After celebrity Chef Gordon Ramsay and his show
She did as she said. And yet, mention of the trademark appears in literature for this year's
Here is the passage, verbatim, included on Honfest 2012 material that was distributed to potential festival vendors:
NOTE: All items sold at HONfest 2012 must be legal and within the family-oriented nature of the event. Prohibited items include counterfeit designer clothing or handbags, tee-shirts, cat eyed sunglasses, weapons of any kind, including knives; or other items which infringe on a registered trademark. This includes the HONfest, Cafe HON, HONtown and HON trademark; you may not sell products bearing the festival's name or logo without prior written permission -- this includes previous years tee-shirts. Should you be caught with counterfeit items, the police will confiscate your inventory and eject you from the festival and you will be barred from attending future festivals.
There's no question that Whiting no longer has control of the word "Hon." And just to be sure, Sun reporter Steve Kilar, who wrote about her ending the mark earlier this year, checked today and it's indeed goner than gone.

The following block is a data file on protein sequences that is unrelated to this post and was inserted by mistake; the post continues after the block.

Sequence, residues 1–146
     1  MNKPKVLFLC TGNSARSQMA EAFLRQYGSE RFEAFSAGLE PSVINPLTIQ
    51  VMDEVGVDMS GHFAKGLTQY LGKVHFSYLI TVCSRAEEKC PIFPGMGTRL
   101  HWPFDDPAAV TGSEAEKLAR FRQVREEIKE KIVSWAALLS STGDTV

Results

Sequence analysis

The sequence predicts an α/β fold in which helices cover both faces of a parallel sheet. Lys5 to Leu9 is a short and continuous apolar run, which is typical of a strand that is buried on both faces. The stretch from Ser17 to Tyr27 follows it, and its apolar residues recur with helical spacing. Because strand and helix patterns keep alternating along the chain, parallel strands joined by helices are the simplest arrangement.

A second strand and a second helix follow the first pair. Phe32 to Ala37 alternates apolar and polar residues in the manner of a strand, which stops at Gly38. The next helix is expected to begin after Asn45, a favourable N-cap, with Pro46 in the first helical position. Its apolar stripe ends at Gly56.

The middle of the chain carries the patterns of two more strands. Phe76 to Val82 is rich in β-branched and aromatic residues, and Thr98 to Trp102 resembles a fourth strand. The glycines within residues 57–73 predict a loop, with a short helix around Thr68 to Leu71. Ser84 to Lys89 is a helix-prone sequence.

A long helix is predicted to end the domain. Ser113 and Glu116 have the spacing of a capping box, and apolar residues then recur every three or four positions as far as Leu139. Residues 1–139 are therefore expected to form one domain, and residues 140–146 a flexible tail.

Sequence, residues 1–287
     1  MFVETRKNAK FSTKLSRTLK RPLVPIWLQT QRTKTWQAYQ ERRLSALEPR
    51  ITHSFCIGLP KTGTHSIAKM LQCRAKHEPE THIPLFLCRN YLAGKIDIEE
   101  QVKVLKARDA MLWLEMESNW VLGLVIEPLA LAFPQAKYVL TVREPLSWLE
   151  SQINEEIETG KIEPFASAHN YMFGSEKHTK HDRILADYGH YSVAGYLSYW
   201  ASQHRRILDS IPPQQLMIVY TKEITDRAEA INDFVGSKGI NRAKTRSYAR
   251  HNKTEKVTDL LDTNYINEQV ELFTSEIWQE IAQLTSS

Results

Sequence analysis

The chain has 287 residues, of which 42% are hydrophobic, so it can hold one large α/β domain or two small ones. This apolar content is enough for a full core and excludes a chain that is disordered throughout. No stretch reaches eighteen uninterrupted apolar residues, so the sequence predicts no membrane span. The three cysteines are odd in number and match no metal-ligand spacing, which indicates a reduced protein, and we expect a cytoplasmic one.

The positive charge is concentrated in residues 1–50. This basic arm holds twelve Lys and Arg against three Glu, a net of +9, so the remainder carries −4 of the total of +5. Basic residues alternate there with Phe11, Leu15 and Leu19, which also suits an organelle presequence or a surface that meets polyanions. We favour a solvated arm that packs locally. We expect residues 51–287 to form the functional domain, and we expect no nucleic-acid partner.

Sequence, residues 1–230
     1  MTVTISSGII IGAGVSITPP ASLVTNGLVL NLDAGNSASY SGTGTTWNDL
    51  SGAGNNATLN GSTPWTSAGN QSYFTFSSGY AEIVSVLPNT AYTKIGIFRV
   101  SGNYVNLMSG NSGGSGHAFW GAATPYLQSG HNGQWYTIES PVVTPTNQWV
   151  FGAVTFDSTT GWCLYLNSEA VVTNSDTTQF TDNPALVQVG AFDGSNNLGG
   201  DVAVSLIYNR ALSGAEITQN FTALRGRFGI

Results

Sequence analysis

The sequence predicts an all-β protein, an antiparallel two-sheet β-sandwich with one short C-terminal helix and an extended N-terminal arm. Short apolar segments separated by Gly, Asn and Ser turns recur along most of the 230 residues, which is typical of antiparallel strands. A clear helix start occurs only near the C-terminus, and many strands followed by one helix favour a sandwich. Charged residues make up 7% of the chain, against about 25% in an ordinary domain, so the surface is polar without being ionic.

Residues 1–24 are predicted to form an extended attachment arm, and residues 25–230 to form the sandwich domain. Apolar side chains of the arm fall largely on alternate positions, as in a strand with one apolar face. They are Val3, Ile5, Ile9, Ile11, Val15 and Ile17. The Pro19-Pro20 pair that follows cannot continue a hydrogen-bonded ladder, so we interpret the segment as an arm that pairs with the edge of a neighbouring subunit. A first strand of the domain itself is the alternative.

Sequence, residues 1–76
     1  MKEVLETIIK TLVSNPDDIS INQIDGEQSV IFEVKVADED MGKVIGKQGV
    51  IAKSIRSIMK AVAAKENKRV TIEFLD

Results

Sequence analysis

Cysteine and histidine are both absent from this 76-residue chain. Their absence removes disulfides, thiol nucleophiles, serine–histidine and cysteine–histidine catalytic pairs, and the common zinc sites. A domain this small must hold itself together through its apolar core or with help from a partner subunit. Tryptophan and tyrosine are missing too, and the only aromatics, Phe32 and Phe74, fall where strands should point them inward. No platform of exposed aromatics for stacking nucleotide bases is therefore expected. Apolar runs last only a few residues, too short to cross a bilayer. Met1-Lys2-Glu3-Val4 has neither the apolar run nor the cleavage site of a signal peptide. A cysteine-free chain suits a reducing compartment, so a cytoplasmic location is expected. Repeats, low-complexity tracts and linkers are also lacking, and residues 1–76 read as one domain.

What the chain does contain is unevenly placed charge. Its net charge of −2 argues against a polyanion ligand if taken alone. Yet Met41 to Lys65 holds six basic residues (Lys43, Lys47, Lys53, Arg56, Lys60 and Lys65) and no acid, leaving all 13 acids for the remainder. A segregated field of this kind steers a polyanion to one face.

Whiting was out of town on Friday. However Lisa Davis, director of Honfest, said it was a mistake that the festival paperwork included that paragraph. Whiting, she said, was extremely clear that no mention of the trademark appear in the material. Davis said she accidentally included it on some of the online material.
"It happened because I'm a technotard," Davis said, sounding very upset. "Denise did not in any way want people to think she hadn't relinquished the trademark."
Those who spent the better part of last year protesting Whiting because of the trademark -- saying she was trying to own a part of Baltimore's culture -- immediately pounced on the discrepancy after someone, perhaps a vendor, pointed it out to them this morning. After not making a peep against Whiting since Ramsay left in February, the No One Owns Hon, Hon